Starting with the GI Bill in 1944, governments at all levels promoted college. From 1947 to 1980, enrollments jumped from 2.3 million to 12.1 million. In the 1940s, private colleges and universities accounted for about half. By the 1980s, state schools — offering heavily subsidized tuitions — represented nearly four-fifths. Aside from a democratic impulse, the surge reflected “the shift in the occupational structure to professional, technical, clerical and managerial work,” noted Ravitch. The economy demanded higher skills; college led to better-paying jobs. 
College became the ticket to the middle class, the be-all-and-end-all of K-12 education. If you didn’t go to college, you’d failed. Improving “access” — having more students go to college — drove public policy. 
We overdid it. The obsessive faith in college has backfired. 
For starters, we’ve dumbed down college. The easiest way to enroll and retain more students is to lower requirements. Even so, dropout rates are high; at four-year schools, fewer than 60 percent of freshmen graduate within six years. Many others aren’t learning much. 
In a recent book, “Academically Adrift,” sociologists Richard Arum and Josipa Roksa report that 45 percent of college students hadn’t significantly improved their critical thinking and writing skills after two years; after four years, the proportion was still 36 percent. Their study was based on a test taken by 2,400 students at 24 schools requiring them to synthesize and evaluate a block of facts. The authors blame the poor results on lax academic standards. Surveyed, one-third of the same students said that they studied alone five or fewer hours a week; half said they had no course the prior semester requiring 20 pages of writing.

Still, most of these students finished college, though many are debt-ridden. Persistence counts. The larger — and overlooked — consequence of the college obsession is to undermine high schools. The primacy of the college-prep track marginalizes millions of students for whom it’s disconnected from “real life” and unrelated to their needs. School bores and bothers them. Teaching them is hard, because they’re not motivated. But they also make teaching the rest harder. Their disaffection and periodic disruptions drain teachers’ time and energy. The climate for learning is poisoned.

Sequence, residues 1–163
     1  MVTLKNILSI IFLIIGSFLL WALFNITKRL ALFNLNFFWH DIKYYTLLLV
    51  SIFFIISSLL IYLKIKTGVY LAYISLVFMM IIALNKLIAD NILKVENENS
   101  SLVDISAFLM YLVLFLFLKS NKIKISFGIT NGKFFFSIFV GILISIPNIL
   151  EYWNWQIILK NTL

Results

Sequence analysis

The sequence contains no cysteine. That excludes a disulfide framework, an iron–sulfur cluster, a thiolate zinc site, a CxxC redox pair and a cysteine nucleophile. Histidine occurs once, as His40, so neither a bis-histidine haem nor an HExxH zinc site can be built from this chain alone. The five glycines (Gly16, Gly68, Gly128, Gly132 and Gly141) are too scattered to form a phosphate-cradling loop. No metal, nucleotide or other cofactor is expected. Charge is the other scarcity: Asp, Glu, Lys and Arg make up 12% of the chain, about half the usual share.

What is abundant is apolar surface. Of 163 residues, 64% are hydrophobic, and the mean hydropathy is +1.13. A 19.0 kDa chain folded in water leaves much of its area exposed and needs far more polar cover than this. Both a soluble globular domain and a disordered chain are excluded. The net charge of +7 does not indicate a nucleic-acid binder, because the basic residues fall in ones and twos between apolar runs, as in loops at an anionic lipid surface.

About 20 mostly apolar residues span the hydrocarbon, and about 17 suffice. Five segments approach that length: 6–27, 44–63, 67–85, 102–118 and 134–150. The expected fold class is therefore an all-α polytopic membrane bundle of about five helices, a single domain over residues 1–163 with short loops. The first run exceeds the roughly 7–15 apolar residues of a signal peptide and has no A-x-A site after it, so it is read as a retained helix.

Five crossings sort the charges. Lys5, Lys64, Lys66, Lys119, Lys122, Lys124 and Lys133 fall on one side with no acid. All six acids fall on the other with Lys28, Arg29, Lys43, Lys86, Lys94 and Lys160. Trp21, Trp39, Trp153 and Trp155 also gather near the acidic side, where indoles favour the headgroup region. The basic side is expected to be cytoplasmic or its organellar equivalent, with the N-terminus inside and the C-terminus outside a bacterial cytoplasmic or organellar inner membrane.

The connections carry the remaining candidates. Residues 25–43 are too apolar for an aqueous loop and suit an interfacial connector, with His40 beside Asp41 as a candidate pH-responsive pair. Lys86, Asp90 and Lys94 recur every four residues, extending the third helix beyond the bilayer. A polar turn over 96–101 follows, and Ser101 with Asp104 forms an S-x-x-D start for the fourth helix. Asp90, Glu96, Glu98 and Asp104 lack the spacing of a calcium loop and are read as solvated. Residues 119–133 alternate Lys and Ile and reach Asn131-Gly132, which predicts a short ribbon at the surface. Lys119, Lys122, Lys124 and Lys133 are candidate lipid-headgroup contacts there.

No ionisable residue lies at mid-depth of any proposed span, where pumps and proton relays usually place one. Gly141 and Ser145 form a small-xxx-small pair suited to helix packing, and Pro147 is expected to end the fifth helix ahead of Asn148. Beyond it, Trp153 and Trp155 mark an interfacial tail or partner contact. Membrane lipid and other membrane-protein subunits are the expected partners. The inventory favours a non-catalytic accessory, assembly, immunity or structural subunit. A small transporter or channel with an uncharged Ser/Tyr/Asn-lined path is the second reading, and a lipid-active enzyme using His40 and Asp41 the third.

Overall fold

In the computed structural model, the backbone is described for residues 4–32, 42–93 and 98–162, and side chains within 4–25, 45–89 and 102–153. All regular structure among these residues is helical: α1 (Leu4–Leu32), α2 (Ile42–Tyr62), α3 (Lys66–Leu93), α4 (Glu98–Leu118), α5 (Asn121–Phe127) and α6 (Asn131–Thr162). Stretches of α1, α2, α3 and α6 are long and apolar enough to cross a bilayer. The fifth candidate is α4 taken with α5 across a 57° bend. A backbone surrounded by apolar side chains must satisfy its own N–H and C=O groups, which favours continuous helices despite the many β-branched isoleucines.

That’s why college-for-all has been a major blunder. One size doesn’t fit all, as sociologist James Rosenbaum of Northwestern University has argued. The need is to motivate the unmotivated. One way is to forge closer ties between high school and jobs. Yet, vocational education is de-emphasized and disparaged. Apprenticeship programs combining classroom and on-the-job training — programs successful in Europe — are sparse. In 2008, about 480,000 workers were apprentices, or 0.3 percent of the U.S. labor force, reports economist Robert Lerman of American University. Though not for everyone, more apprenticeships could help some students. 
The rap against employment-oriented schooling is that it traps the poor and minorities in low-paying, dead-end jobs. Actually, an unrealistic expectation of college often traps them into low-paying, dead-end jobs — or no job. Learning styles differ. 
“Apprenticeship in other countries does a better job of engaging students,” says Lerman. “We want to diversify the routes to rewarding careers.” Downplaying these programs denies some students the pride and self-confidence of mastering difficult technical skills, while also fostering labor shortages. 
There’s much worrying these days that some countries (examples: South Korea, Norway, Japan) have higher college­attendance rates, including post-secondary school technical training, than we do. This anxiety is misplaced. Most jobs — 69 percent in 2010, estimates the Labor Department — don’t require a post-high-school degree. They’re truck drivers, store clerks, some technicians. On paper, we’re turning out enough college graduates to meet our needs. 
The real concern is the quality of graduates at all levels. The fixation on college-going, justified in the early postwar decades, stigmatizes those who don’t go to college and minimizes their needs for more vocational skills. It cheapens the value of a college degree and spawns the delusion that only the degree — not the skills and knowledge behind it — matters. We need to rethink.
I would add that going straight from high school to college is also an outmoded idea. Adults can attend college at any time in their lives that it becomes useful. And they are doing just that.